This is a method to which considerable importance has been and is attached in Germany. Nissl's original description appeared in 1885, and in this magenta is recommended as the staining agent. In 1890 he described a modification which has superseded the older process. In this country but little seems to be known of the method, of which the following is a brief description:—Have ready (1) a 0·5 % aq. sol. methylene blue (methylenblau patent B, from C. Buchner and Sohn, Fabrik pharmaceut. chem. Producte, Munich); (2) a mixture of anilin oil 20, alcohol 96 % 200 parts (this must not be too old); (3) origanum oil; (4) benzine; (5) a balsam made by dissolving colophonium in benzine, and of the consistence of ordinary chloroform-balsam. Portions of tissue as fresh as possible, in size 1-2 ccm., are placed for fixation and hardening in alcohol 96-98 %, for 24 hours. Remove, fix on cork by gum (caused to set by placing the whole in methylated spirit), and cut sections by the sliding microtome into spirit. The sections are placed, from pure alcohol or distilled water, in the methylene-blue solution, and this is heated until bubbles form—“until the crackle of bursting bubbles is heard.” After cooling, transfer the sections to the anilin-alcohol, and agitate them about until no more clouds of colour are given off. An appreciable differentiation takes place. Transfer a section to a slide, dry it well with filter-paper by pressure, apply a few drops of origanum oil (which is quickly allowed to run off), dry again with filter-paper. Run some benzine over the section to drive off the remains of the origanum, and place a drop of the colophonium solution on the section. The slide is now drawn through the flame of a spirit-lamp and the benzine set alight. When it has all been burnt off adjust the cover-slip. Warm the under surface of the slide, pressing down the cover gently; the colophonium is rendered fluid. Allow to cool.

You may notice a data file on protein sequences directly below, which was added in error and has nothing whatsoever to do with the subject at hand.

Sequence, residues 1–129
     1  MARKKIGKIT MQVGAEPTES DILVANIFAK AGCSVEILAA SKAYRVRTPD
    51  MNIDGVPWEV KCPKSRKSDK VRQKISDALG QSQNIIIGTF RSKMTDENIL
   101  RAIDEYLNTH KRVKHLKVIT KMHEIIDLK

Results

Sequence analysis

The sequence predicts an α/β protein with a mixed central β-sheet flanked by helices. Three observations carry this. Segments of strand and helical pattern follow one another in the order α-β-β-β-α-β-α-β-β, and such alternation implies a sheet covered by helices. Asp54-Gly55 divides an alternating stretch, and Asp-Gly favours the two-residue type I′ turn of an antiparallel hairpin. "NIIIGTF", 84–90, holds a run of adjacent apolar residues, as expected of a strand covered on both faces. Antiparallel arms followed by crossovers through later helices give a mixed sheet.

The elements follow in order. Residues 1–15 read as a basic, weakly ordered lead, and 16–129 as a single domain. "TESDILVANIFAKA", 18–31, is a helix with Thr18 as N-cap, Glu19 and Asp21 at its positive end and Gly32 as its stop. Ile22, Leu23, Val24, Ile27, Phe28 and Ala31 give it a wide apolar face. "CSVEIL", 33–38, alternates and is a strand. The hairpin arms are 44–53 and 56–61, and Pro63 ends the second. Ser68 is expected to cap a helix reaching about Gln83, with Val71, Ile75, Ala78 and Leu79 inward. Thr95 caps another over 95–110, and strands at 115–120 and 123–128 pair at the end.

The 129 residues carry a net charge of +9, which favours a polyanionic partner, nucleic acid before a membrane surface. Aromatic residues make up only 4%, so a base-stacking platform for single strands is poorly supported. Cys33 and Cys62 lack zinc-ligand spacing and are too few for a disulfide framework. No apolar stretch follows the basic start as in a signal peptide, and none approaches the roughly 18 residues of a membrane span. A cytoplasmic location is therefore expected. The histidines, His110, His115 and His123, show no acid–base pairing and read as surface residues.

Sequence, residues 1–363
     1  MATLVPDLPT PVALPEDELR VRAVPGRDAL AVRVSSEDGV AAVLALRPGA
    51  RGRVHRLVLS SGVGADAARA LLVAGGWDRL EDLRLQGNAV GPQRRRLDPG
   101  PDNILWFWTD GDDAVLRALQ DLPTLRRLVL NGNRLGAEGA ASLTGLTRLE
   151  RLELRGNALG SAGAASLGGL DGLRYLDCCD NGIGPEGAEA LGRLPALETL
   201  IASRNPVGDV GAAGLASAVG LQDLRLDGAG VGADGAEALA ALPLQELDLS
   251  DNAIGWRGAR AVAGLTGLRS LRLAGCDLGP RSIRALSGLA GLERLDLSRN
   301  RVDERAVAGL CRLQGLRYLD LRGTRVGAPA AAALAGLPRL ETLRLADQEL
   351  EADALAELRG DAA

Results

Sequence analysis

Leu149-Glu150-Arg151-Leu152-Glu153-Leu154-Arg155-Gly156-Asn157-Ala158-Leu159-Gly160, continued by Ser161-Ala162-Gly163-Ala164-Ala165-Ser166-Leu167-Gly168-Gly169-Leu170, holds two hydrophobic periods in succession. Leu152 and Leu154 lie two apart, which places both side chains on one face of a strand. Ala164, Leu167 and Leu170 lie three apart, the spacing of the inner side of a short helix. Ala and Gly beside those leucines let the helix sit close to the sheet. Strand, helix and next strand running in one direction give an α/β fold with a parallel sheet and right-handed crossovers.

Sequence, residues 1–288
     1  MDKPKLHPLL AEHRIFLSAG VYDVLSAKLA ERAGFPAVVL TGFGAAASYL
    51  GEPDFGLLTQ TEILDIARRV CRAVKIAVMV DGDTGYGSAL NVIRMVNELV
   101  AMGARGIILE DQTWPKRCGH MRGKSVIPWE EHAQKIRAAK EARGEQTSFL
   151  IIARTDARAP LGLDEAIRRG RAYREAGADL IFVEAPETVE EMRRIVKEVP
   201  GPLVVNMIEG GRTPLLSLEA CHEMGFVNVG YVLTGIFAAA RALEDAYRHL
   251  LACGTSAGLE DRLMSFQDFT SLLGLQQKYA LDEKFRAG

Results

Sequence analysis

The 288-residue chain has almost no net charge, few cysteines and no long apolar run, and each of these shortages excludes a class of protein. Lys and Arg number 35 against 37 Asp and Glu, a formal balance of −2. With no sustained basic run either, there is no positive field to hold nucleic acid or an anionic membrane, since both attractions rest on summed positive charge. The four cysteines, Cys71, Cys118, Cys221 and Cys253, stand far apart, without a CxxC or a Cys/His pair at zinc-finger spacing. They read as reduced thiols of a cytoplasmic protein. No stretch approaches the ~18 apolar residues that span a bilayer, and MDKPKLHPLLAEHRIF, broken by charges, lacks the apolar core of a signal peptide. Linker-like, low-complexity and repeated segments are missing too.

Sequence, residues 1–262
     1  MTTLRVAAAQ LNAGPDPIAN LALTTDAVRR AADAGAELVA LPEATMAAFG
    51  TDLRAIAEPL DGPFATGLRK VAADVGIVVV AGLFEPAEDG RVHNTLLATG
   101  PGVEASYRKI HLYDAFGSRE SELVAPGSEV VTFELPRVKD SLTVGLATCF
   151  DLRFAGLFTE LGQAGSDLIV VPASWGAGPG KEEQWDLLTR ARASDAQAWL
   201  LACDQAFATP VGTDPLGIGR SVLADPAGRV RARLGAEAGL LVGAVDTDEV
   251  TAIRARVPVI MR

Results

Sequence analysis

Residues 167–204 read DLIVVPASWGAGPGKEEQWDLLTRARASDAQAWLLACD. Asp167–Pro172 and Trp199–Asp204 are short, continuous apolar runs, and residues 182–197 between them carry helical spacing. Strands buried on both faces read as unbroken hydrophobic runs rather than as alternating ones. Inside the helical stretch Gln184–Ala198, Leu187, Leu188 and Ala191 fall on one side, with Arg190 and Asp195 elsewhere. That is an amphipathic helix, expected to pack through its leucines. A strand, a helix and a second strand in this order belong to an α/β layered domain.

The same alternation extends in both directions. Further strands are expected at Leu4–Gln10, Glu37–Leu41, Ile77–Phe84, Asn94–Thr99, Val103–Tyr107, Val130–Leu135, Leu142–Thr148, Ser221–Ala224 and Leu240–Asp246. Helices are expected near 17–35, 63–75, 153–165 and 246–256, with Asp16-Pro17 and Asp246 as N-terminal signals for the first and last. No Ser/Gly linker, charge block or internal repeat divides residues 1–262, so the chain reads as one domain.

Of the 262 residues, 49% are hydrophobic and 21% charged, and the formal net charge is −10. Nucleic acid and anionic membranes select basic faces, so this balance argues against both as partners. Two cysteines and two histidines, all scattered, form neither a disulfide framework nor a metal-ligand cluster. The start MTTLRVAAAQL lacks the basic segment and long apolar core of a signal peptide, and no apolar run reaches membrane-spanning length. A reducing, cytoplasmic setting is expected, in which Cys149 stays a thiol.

Email your librarian or administrator to recommend adding this journal to your organisation's collection.